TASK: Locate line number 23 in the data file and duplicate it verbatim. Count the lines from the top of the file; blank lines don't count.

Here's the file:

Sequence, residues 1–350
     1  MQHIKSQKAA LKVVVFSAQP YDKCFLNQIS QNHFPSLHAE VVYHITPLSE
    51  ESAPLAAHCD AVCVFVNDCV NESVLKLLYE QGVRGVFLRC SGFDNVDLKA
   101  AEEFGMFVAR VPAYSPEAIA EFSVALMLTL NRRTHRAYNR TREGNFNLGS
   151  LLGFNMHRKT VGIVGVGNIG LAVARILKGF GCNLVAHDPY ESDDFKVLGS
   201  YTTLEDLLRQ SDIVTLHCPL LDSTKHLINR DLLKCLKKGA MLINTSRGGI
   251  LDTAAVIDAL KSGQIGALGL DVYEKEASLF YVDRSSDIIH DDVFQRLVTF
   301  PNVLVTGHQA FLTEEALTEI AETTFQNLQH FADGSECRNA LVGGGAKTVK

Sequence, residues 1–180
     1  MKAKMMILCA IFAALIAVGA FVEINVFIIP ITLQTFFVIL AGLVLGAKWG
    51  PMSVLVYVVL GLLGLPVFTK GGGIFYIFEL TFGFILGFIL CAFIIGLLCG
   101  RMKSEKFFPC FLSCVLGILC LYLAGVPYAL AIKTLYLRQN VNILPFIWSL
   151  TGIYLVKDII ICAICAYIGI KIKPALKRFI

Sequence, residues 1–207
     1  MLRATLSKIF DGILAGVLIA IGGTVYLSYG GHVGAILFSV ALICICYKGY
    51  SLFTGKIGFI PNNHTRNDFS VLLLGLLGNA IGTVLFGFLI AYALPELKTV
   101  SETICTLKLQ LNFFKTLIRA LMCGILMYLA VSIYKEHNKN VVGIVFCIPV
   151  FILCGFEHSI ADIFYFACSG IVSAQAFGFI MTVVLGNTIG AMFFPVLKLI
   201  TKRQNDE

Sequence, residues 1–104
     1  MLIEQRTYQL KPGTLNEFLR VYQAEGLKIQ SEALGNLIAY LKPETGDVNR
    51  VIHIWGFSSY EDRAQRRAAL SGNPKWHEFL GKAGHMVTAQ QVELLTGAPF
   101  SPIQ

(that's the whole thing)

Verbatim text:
   101  SPIQ